HCV genome-wide analysis for development of efficient culture systems and unravelling of antiviral resistance in genotype 4.

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HCV-genotype 4 infections are a major cause of liver diseases in the Middle East/Africa with certain subtypes associated with increased risk of direct-acting antiviral (DAA) treatment failures. We aimed at developing infectious genotype 4 cell culture systems to understand the evolutionary genetic landscapes of antiviral resistance, which can help preserve the future efficacy of DAA-based therapy.HCV recombinants were tested in liver-derived cells. Long-term coculture with DAAs served to induce antiviral-resistance phenotypes. Next-generation sequencing (NGS) of the entire HCV-coding sequence identified mutation networks. Resistance-associated substitutions (RAS) were studied using reverse-genetics.The in-vivo infectious ED43(4a) clone was adapted in Huh7.5 cells, using substitutions identified in ED43(Core-NS5A)/JFH1-chimeric viruses combined with selected NS5B-changes. NGS, and linkage analysis, permitted identification of multiple genetic branches emerging during culture adaptation, one of which had 31 substitutions leading to robust replication/propagation. Treatment of culture-adapted ED43 with nine clinically relevant protease-DAA, NS5A-DAA and NS5B-DAA led to complex dynamics of drug-target-specific RAS with coselection of genome-wide substitutions. Approved DAA combinations were efficient against the original virus, but not against variants with RAS in corresponding drug targets. However, retreatment with glecaprevir/pibrentasvir remained efficient against NS5A inhibitor and sofosbuvir resistant variants. Recombinants with specific RAS at NS3-156, NS5A-28, 30, 31 and 93 and NS5B-282 were viable, but NS3-A156M and NS5A-L30Δ (deletion) led to attenuated phenotypes.Rapidly emerging complex evolutionary landscapes of mutations define the persistence of HCV-RASs conferring resistance levels leading to treatment failure in genotype 4. The high barrier to resistance of glecaprevir/pibrentasvir could prevent persistence and propagation of antiviral resistance.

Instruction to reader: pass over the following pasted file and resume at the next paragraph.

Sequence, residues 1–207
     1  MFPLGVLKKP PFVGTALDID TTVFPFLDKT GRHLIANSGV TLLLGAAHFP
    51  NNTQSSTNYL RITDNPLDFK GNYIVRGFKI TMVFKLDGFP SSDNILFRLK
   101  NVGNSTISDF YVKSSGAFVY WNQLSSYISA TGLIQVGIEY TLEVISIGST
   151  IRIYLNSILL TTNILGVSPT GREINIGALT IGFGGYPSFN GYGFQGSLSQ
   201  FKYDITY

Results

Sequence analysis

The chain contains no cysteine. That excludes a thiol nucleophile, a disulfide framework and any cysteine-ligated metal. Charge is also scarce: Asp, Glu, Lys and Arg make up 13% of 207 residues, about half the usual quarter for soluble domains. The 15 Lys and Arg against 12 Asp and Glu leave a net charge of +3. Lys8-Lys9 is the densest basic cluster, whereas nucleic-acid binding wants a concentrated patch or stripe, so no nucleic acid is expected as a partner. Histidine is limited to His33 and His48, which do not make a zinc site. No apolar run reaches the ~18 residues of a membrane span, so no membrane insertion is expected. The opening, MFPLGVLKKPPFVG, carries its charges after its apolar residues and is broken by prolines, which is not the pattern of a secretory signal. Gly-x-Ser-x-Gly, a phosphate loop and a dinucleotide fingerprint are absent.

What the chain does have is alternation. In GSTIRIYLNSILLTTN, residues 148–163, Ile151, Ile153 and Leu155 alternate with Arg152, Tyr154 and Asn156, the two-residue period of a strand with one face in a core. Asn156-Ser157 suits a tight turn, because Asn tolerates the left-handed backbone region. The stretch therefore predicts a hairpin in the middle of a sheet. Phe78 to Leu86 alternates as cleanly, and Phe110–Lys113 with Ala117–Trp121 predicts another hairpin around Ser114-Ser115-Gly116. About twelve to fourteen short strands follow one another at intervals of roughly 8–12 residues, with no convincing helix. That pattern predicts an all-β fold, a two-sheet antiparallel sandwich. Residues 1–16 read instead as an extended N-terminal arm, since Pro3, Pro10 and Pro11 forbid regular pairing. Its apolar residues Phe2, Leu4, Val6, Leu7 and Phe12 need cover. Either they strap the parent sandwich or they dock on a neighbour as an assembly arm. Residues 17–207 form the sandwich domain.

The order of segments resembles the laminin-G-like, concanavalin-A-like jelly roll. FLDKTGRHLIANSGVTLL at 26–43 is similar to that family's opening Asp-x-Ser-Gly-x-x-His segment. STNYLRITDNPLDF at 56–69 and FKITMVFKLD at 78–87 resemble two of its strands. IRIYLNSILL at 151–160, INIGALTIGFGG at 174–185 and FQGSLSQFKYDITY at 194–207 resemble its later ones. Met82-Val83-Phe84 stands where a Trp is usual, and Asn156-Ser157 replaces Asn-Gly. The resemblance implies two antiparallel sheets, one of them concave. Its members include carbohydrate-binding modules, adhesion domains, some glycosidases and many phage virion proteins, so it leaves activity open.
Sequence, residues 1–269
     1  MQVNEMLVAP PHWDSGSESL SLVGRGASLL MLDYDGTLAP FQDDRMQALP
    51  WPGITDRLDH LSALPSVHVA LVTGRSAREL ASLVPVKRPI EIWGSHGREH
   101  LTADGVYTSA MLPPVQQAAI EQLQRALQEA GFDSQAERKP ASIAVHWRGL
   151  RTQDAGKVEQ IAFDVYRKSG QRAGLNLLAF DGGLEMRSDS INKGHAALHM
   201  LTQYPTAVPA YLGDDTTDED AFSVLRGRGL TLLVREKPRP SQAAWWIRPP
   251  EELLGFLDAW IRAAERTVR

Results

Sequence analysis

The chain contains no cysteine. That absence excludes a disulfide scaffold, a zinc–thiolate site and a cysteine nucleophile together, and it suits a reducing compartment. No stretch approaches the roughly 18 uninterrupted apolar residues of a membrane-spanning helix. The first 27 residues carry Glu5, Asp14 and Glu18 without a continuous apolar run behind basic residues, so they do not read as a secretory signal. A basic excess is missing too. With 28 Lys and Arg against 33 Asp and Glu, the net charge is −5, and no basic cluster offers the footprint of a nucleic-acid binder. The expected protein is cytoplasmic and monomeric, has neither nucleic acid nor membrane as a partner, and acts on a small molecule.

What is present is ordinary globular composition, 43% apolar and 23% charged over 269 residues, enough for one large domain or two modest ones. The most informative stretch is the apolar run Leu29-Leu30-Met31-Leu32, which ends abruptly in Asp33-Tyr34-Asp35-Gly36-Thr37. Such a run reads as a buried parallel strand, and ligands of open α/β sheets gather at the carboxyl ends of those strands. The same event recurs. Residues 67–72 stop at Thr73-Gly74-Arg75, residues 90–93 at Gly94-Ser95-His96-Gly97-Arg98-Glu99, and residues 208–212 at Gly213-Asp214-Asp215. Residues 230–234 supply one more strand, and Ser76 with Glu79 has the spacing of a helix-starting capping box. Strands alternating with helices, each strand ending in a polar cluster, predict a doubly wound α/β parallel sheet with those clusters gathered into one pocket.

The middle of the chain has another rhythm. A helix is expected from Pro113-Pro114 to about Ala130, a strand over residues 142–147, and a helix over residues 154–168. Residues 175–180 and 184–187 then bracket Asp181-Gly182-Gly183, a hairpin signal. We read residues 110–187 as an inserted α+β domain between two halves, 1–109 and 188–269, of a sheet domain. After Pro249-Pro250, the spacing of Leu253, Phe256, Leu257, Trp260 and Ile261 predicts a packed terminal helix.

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Authors: Long V Pham, Martin Schou Pedersen, Ulrik Fahnøe, Carlota Fernandez-Antunez, Daryl Humes, Kristian Schønning, Santseharay Ramirez, Jens Bukh


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